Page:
As you can see this is a massive time saver when your app relies on swipes as you don’t have to keep deploying it to your device to test if your latest code change is working as it should.

    To access code samples, Click Here.
    Tutorial files were created using Flash CS5 Professional version 11.0.2.489.

    Contents of Archive (2 Files)
    simulateSwipe.fla (fully commented test app)
    simulateSwipe.txt (info)

    Copyright © Shane Hogan
    Do not copy this article.

  • Looping frames with currentFrame & totalFrames AS3 Snippet

    In this tutorial we modify our swipe code so that, a left swipe on our last frame will loop to the first frame and a right swipe on our first frame will loop to the last frame.

    I’m using the hideLogo_completeC.fla file from the previous tutorial sample files and have added a conditional statement inside our swipe code, in which we use the “currentFrame” and “totalFrames” properties to loop through the frames.

    Note: Directions are reversed on a mobile device, so a swipe left would go to the next page and a swipe right would go to the previous page.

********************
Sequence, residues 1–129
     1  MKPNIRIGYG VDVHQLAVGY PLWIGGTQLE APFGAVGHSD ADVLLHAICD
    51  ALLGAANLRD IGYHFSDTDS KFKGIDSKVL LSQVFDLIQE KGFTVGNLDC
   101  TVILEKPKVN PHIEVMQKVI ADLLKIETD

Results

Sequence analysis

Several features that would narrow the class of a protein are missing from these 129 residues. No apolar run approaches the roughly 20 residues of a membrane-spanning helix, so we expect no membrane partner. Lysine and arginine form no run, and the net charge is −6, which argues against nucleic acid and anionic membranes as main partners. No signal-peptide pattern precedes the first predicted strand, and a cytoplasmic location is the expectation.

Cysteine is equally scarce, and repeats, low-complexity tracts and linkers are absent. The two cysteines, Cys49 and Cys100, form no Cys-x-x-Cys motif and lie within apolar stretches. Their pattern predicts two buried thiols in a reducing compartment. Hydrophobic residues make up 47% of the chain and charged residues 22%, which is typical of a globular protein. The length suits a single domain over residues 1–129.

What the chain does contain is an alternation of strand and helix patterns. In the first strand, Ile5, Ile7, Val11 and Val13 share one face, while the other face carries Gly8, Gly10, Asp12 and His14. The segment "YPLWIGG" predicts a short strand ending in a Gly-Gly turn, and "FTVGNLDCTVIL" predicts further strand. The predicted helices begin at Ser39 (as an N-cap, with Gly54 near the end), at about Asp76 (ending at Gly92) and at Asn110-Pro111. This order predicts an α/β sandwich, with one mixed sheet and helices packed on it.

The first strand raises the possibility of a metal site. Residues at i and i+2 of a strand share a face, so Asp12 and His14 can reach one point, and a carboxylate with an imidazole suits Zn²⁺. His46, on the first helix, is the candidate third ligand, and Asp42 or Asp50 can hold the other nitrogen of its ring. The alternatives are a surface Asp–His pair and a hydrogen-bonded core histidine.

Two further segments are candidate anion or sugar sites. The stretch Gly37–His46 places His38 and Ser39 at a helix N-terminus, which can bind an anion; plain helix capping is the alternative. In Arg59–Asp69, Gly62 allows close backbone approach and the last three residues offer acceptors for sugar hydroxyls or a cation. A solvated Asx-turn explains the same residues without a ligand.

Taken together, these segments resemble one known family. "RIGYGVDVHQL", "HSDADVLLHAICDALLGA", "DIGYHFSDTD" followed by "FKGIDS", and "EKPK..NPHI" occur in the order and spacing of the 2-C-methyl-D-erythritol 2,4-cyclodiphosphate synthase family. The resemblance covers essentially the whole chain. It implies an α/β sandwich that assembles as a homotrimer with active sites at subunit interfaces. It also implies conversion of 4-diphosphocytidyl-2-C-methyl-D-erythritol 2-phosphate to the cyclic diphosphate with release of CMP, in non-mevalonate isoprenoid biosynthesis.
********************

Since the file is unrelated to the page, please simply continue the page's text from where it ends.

I have added the following conditional statement to our swipe right code.

    if(currentFrame == 1)
    {
    gotoAndStop(totalFrames);
    }
    else
    {
    prevFrame();
    }

    Above we are asking Flash to check if the play head is on the first frame, if so, then move the play head to the very last frame, otherwise move to the previous frame.”

    Here’s the code snippet for swipe left:

    if(currentFrame == totalFrames)
    {
    gotoAndStop(1);
    }
    else
    {
    nextFrame();
    }

    Here we are asking flash to check if the play head is on the last frame, if so then go to the first frame, otherwise go to the next frame.

    Note: Because we used the “currentFrame” and “totalFrames” properties, and not specific frame numbers, we can add as many frames as we like to our test app, and the code will always work, check out the sample code for more info.

    To access code samples, Click Here.
    Tutorial files were created using Flash CS5 Professional version 11.0.2.489.

    Contents of Archive (2 Files)
    loopFramesC.fla (fully commented test app)
    loopFrames.txt (info)

    Copyright © Shane Hogan
    Do not copy this article.

  • Adding swipes to your App

    The sample code in this tutorial shows you how to add swipe gestures to your app, it is the same test app from the last tutorial, however this time we call the function showTxt() by swiping right, clear the text field with an instance name of “outputTxt”, by swiping left, change the Click Me buttons label by swiping up and change it back again by swiping down.

    Here’s the skeleton swipe code;

    function swipeMe (e:TransformGestureEvent) :void {
    if (e.offsetX == 1) {
    //Do stuff on swipe right
    }
    else if (e.offsetX == -1) {
    //Do stuff on swipe left
    }
    else if (e.offsetY == -1) {
    //Do stuff on swipe up
    }
    else if (e.offsetY == 1) {